If you’re anything like me, you over-analyze every early January decision in the hopes of setting the right tone for the new year, and the first reads of the month are no exception. They can’t be too depressing or challenging, but they need to have some kind of new year oomph to them–something inspirational, or that charges up my creativity. In the hopes that I’m not a complete weirdo, and there’s at least someone else out there who relates, I’ve compiled a short list of some great picks to start 2023 off right! Let’s dig in.
5 Books to Start Your New Year Off Right
If you keep up with the BB blog, you may remember this was also Betty’s staff pick for this month! And like she said in her blurb, it’s a perfect choice for January. The latest release from comics legend Alison Bechdel gets into the nitty-gritty of the author’s journey with fitness.
Don’t worry, though! As opposed to any kind of diet book or how-to fitness guide that’s surely to make you feel badly about yourself, The Secret to Superhuman Strength is more of a reflection on how physical and mental health tend to go hand-in-hand, for better or worse. Just like Bechdel herself, many of us likely relate to the experience of wanting to dive head-first into fitness in the hopes that it will fix our lives, only to realize our happiness lies in more than mastering the latest health trends. Educational but not preachy, realistic but not depressing, this book is a great choice if you’re looking to head into the new year with a clearer understanding of what exactly it is you want from your health.
It’s the time of year that’s ripe for developing new and exciting hobbies, and if you’re interested in actually sticking with the one you choose, this book may be the right one for you. Colorful and fun, The Comic Book Guide to Growing Food takes you through the prep, growing, and care of running a home garden, all wrapped up in a story told from the perspective of Mia, who’s a novice gardener herself.
This book manages to be super helpful without overwhelming you with an onslaught of directions and goals. It’s direct and easy to follow on top of being fun to read. Plus, you don’t actually need to start planting in January, which leaves plenty of time for planning your garden and how it will fit with your lifestyle and home. Green thumb or not, if you’re interested in gardening, this one is definitely the pick for you.
Things We Create is a visual exploration and history of objects in all their complex glory. Why do we make things like iPhones? Why do some objects please us while others disgust us? What about objects that serve a utilitarian purpose versus ones that serve an emotional one?
Axel Brechensbauer tackles all these questions and more with incredible artistic style and academic rigor, while maintaining a fun and engaging text. This book will help you see everything around you in a renewed light, which is a perfect attitude to head into January with.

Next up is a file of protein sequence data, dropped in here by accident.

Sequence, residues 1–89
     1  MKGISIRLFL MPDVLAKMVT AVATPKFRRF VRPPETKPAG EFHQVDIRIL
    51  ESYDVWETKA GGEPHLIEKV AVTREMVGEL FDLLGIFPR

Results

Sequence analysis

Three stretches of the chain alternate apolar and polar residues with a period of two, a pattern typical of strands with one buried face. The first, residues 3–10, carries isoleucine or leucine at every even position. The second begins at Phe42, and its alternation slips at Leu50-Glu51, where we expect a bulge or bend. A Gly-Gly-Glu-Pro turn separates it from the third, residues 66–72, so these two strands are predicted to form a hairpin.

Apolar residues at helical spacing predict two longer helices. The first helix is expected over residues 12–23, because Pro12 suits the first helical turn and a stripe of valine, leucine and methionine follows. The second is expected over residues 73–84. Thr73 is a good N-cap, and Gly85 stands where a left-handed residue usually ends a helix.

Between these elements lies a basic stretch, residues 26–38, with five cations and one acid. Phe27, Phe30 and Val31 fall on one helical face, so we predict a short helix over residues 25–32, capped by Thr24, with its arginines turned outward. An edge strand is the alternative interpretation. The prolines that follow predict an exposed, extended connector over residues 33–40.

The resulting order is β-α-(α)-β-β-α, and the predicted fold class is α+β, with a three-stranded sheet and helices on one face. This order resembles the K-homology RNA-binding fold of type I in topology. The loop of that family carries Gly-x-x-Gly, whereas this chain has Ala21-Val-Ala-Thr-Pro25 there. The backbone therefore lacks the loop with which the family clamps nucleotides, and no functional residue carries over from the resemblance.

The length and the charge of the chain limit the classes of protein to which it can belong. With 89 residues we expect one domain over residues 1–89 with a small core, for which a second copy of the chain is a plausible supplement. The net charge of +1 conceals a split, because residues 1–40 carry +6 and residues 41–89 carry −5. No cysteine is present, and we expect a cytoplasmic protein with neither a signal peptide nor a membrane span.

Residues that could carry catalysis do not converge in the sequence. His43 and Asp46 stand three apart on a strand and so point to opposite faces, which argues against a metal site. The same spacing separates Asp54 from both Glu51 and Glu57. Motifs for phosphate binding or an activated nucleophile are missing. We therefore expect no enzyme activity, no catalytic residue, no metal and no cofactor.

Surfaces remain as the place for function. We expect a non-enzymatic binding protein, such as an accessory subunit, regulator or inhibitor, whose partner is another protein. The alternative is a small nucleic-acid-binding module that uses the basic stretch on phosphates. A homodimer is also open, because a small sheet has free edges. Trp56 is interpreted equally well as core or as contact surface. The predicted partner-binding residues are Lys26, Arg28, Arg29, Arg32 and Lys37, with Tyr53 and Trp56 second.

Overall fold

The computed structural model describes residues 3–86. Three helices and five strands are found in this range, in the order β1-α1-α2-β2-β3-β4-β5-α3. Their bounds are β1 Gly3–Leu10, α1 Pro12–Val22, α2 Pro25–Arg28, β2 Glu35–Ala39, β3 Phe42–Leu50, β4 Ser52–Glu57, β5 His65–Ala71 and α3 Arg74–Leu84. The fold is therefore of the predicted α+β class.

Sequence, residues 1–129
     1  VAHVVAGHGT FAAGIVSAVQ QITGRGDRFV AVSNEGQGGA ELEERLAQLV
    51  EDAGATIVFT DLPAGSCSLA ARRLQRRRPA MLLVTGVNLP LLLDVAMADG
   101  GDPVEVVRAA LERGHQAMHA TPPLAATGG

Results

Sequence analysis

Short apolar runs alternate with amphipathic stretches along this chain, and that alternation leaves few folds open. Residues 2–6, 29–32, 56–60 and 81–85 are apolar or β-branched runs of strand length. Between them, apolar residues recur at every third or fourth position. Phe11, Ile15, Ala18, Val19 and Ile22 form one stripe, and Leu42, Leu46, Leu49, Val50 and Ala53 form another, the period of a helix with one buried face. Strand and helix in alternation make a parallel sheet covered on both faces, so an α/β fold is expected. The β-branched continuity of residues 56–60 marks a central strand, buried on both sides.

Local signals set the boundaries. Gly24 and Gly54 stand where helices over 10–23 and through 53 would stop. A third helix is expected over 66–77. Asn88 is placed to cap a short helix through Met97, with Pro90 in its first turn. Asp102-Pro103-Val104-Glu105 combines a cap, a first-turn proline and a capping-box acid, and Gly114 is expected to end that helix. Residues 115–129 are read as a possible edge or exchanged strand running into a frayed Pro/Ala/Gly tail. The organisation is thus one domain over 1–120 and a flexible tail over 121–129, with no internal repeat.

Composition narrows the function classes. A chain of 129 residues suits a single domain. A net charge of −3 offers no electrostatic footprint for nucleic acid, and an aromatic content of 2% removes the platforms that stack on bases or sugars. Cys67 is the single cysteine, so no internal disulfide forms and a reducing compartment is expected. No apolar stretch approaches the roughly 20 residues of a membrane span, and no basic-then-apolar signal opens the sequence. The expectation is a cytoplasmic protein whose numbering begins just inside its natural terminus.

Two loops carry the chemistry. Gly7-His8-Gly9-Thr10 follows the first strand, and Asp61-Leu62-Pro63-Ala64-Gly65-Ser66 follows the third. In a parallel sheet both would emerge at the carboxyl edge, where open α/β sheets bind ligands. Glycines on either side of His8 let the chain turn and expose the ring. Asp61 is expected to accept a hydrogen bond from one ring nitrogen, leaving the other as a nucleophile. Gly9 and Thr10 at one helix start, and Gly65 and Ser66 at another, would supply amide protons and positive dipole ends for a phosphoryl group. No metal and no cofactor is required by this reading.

Definitely a recent favorite of the Betty’s Books crew (including Betty herself, who’s absolutely obsessed), Blue Period tells the story of high schooler Yatora who, despite his hesitance, discovers he has a passion for making art. Amped up with newfound purpose, Yatora decides his dream is to study at an art college, and in order to make that dream a reality so late in the game (compared to his peers), must dedicate himself to the craft.
Blue Period is a joy to read, and chock full of genuinely educational art tips and lessons. The pieces shown to be created by Yatora and his classmates are real works done by a myriad of artists, and the resulting art style clash is so visually engaging, I found that I couldn’t stop reading. This book feels so fresh in a way that’s perfect for January. Plus, the residual energy from Yatora’s inspirational reflections on what it takes to learn a new skill are sure to get you pumped up to tackle your own 2023 goals.
This one may be a little self-serving considering my profession, but it’s also a stellar read, so I stand by it. If you or someone you know is looking to get into comics, or simply better your understanding of what makes the medium so special, this seminal work is the obvious choice. The back cover is littered with praise from some of graphic literature’s most iconic voices (including Alison Bechdel!) and for good reason.
Scott McCloud expertly takes the reader through the technicalities of visual storytelling, and how a comic is so much more than some may think. Just like with reading an image-free text, graphic literature requires a certain type of literacy all its own, and McCloud helps us understand just how freeing and expansive your understanding of narrative in general can be once you master this literacy. Despite the complexity of the subject matter, he keeps it fun and understandable enough that anyone can enjoy it. In a desperate plea to end the idea that comics are “easier” or less sophisticated than image-free texts, I beg you… READ THIS BOOK!
Oh, I almost forgot. It’s a good January read, because duh. Start the year off right and learn how to appreciate graphic literature in all its richness. I promise you won’t regret it!